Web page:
Saturday, August 3, 2013

San Francisco Diary: Out of the Closet and into San Francisco Bay

This is going to be one of my more personal posts. It will come almost directly from what I wrote in my journal Thursday night.

Mark and I were invited by some friends to join a group who were going sailing on Thursday afternoon in San Francisco Bay. Other than a turn about the Great Salt Lake on another friend's boat, this was the first time I had ever been sailing. And sailing in San Francisco Bay is nothing like sailing on the Great Salt Lake.

There were four couples on the boat plus two teenagers belonging to one of the couples. The common thread among the group was that each man on board (except me) had been long-time friends with Kurt, our Salt Lake friend with whom we will be going cycling today in the Marin County Century. This long-time relationship meant that each of the adults - except me - freely and easily interacted with and among each other.

I'm not complaining. Really I'm not. This isn't a sob story. It is a story of how that experience out on San Francisco Bay helped me to realize some things, some important things.

First thing: I am socially immature. I have struggled to describe and identify how I have felt so many times, and on Thursday afternoon, I think I hit upon it while I was with this group of people: I went over 25 years of my adult life without normal social interaction with people my own age (primarily because I was a member of the Mormon Church). 

I had recognized before that I didn't have any friends to speak of during those years - in fact since I graduated from university. But what I think I really recognized for the first time on Thursday afternoon - with force - is how that phenomenon stunted my growth and my social skills. The only adult social interactions I had during those years were with fellow LDS ward members and people with whom I worked. The fact is, I was in a sort of closet - a social closet.

Then, of course, there is the fact that I was in the gay closet all those years as well. So, really, when I came out, I came out not only from the gay closet, but also from the Mormonism thing and the social cave in which I had been living.

The point is ... I have struggled to relate to people my own age because I feel like, socially, I have been on a deserted island for almost 30 years. As a result, I feel almost juvenile around people who are quite a bit younger than me. I have not liked feeling this way - like I am younger than people 10-15 years my junior - but I hadn't been able to put my finger on it until Thursday afternoon out on San Francisco Bay. Again, I'm not whining. The point for me is this: Now that I have identified these feelings, I can address them, process them and move on. And that's a good thing.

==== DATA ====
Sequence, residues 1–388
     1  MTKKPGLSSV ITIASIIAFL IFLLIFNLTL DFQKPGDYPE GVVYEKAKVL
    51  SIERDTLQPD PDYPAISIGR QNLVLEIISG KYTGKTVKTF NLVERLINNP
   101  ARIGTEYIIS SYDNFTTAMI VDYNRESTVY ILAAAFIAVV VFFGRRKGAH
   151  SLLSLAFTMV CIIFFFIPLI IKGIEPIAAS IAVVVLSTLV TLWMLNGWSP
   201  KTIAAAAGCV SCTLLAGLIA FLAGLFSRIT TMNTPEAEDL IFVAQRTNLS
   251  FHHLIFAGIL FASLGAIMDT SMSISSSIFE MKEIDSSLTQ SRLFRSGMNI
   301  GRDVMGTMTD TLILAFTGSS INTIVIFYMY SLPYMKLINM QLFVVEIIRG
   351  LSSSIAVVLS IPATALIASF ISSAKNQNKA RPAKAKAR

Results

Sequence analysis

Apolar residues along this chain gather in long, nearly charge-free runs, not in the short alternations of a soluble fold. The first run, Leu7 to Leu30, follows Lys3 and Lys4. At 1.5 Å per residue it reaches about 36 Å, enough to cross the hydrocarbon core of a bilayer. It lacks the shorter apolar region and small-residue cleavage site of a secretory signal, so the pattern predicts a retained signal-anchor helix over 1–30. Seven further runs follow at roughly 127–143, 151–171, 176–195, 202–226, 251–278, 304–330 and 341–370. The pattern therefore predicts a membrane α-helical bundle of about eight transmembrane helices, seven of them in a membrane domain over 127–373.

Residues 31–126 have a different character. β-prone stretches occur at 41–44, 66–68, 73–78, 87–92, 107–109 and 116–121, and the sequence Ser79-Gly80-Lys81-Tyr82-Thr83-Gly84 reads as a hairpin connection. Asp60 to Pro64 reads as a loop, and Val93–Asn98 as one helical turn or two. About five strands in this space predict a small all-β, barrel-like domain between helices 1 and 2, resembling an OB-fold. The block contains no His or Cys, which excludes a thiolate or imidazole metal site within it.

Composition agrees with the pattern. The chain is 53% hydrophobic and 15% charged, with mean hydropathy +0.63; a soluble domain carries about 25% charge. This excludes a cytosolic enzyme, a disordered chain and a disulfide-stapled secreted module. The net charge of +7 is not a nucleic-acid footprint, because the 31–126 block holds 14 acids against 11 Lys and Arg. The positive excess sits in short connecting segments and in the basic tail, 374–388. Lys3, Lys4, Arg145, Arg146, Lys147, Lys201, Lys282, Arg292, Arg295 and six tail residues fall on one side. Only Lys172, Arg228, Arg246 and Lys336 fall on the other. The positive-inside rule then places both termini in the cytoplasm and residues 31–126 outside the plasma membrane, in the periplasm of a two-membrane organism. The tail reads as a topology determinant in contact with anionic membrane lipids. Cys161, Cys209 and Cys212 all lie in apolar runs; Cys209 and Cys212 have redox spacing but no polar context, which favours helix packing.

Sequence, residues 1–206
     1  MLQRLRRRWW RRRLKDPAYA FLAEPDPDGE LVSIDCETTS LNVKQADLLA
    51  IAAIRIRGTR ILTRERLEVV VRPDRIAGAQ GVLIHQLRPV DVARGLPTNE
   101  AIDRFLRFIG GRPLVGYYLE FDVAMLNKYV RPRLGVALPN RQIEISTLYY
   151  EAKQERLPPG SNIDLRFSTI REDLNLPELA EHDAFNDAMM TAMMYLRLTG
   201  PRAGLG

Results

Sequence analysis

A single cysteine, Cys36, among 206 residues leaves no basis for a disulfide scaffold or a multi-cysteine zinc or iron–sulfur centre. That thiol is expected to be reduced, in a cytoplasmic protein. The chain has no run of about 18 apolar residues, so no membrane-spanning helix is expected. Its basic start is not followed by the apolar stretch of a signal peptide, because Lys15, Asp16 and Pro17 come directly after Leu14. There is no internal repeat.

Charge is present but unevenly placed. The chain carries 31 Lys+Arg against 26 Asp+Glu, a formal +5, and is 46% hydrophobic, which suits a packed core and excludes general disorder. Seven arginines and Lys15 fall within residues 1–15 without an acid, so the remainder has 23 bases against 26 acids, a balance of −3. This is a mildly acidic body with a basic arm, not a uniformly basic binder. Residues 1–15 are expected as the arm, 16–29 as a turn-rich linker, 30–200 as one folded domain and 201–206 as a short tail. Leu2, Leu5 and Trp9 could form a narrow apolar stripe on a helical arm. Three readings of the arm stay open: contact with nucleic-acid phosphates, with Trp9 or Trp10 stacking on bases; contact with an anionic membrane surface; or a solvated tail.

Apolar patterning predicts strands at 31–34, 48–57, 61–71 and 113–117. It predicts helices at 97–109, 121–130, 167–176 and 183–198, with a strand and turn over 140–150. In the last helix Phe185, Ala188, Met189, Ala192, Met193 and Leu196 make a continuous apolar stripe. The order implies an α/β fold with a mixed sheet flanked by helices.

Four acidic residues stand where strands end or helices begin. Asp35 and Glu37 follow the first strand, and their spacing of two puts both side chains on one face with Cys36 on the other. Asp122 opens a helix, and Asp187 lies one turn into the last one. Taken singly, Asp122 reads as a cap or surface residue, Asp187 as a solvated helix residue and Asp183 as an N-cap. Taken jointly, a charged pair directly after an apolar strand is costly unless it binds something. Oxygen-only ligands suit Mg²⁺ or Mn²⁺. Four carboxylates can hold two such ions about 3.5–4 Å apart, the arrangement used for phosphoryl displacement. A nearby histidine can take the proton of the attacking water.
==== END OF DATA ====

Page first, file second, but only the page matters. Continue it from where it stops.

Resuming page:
The love of my life

I also had another powerful thought - or rather string of thoughts - that afternoon out on the water. During all those years in the closet, I was engaged in creation - in the creation of my children, both biologically and intellectually, as well as emotionally and spiritually. Although I made plenty of mistakes along the way, I acknowledged, out in that sailboat - for the first time really - the good I did with my children. I saw the good instead of all the bad that I had told, for many years, was there.

And ... I felt good about my sojourn here on this earth in this life. "Oh my God," I said to myself, "just look at my amazing children - each one a masterpiece, a work of art! And how privileged I was to be to participate in siring and raising them up. I am not prideful; I am humbled."

I love my children.

I had a few other significant thoughts out there on the water, but I'll save them for another post.


  1. Joseph. My social experience and the resulting awkwardness around people my own age and younger are akin to those you described and explained. Just reading your words was somehow cathartic for me. I will be very interested in your future posts on the subject. (Brad’s Mom and Dad are my age yet I feel so immature around them!)

  2. Thank you, Trey, for sharing your own experience. It's comforting to me to know that I'm not the only person who has experienced these sorts of feelings.